The collet chuck shown with a single collet in image (18) is of the ER (DIN 6499) type. Apparently the most used collet type despite only being created in 1973 by Rego-Fix (the "E" in ER is a left-over from a previous style of collet and the "R" is for Rego-Fix). There are several different size ranges from ER-8 to ER-50 with different numbers of collets in a complete set. Most useful for the smaller lathe is ER-25 (18 collets, 1mm to 16mm) or ER-32 (21 collets, 1.5mm to 20mm). The ER collets were designed for holding milling cutters and if you have a small milling machine an ER collet chuck is indispensable, get the same size as the lathe and you can share collets between the machines. Imperial sized ER collets are also available if you work extensively with imperial stock or cutters. ER collets unlike others have a 1mm clamping range so the number of collets needed is much less than say morse taper, R8 or 5C collets where each collet is one size only.

Last in image (18) is the faceplate. You may get one of these with a new lathe and they can be useful for mounting odd shaped workpieces, castings for example, or flat plates. I have only used my faceplate a couple of times and if you don′t have one already I wouldn′t bother too much until you have a specific need. The large hole at the centre of the faceplate allows a centre to be fitted in the spindle taper so the faceplate can be used as a catch-plate or drive-plate with work between centres.

To do any work on the lathe you will need some cutting tools. You are unlikely to receive anything useful with a new lathe but a used machine might have something useable. I would steer clear of sets of cutting tools you may get a couple of useful ones but the rest will be little used, ask me how I know this. If you can, buy good quality tools, Sumitomo, Korloy, Sandvik Coromant perhaps. Top left of image (19) are some pre-ground HSS toolbits probably a good place to start if you have never done any turning before. HSS (high speed steel) is an alloy containing iron and commonly chromium, vanadium, silicon and molybdenum among other elements. Specific alloys have different properties but all are tougher and retain a cutting edge at higher temperatures than plain carbon steel. The best way to use HSS is to purchase tool blanks usually square or round 50mm to 80mm long at a size to suit the lathe, 9mm (⅜") is a common size. Grinding the cutting edge to shape is a reasonably straightforward task using a standard bench grinder, have a look at this Tool Grinding Video if you want make your own HSS toolbits. The group of 3 brazed carbide tip tools, bottom left (19), are not as common as they used to be but you may be "given" a set with a new lathe. Unfortunately they are likely to be of poor quality, cut poorly and chip easily. There are better quality brazed tip tools about but these are often supplied unsharpened and you will need a green grit or diamond wheel for your grinder to make them useable. I think the general advice might be to avoid.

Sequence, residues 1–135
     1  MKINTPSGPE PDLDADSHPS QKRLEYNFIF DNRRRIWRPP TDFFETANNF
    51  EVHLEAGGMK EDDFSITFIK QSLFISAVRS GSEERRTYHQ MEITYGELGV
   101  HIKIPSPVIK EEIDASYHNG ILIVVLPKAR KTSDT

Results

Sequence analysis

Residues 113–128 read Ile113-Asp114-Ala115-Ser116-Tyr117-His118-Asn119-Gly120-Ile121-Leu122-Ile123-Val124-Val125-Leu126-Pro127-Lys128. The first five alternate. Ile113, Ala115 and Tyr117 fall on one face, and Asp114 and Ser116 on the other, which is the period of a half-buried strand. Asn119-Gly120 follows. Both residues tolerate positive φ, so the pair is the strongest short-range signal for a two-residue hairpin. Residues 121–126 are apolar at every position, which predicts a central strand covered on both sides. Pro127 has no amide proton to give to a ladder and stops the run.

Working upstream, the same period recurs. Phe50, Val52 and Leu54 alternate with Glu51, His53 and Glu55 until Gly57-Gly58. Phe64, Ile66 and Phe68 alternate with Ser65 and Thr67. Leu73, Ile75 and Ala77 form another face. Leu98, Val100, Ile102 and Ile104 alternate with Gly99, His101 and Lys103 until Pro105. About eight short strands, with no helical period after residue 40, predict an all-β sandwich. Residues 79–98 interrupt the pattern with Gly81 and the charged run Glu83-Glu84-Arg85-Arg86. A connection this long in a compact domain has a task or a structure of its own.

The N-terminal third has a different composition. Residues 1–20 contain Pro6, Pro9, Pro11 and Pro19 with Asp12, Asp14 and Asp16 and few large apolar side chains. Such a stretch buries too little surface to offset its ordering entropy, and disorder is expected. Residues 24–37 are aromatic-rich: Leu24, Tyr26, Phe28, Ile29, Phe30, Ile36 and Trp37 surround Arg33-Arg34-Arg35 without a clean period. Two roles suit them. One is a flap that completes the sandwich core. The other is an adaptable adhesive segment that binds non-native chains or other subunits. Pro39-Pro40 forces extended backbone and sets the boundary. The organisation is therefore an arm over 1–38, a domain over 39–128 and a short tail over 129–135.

Today industry predominantly uses insert lathe tools and these are very good in the home workshop provided you select the right one, not quite so easy given the thousands of possibilities. There are different types of insert, carbide (tungsten carbide), CBN (cubic boron nitride), PCD (poly-crystalline diamond) and lately CerMet which is a ceramic and metal composite. A good place to start might be with a fairly standard right hand tool, top centre (19), from JB Cutting Tools that uses an 80° rhombic CCMT or CCGT insert. The insert codes are many and varied describing the shape, size, tip radius and other parameters, Mitsubishi have a useful page on Insert Codes to help identify and choose cutting inserts.

Inserts are not only for standard cutting tools but are also used in boring bars and parting tools as shown in image (19). Also shown is a boring bar using an HSS toolbit, you can adjust the length and tool angle by sliding the bar in the square split block which is clamped in the toolpost. Lastly in this image is a cranked toolbit holder which used to be common but I don't think are used much these days you may come across one with an older lathe using a single toolpost. One final thing about lathe tools you may already have noticed is that toolbits or holders are described as left or right handed. For some inexplicable reason a tool that cuts towards the headstock is a right-hand tool and one that cuts towards the tailstock left-handed. You will come across web pages that understandably get this wrong. Check with the supplier to make sure it cuts the way you want!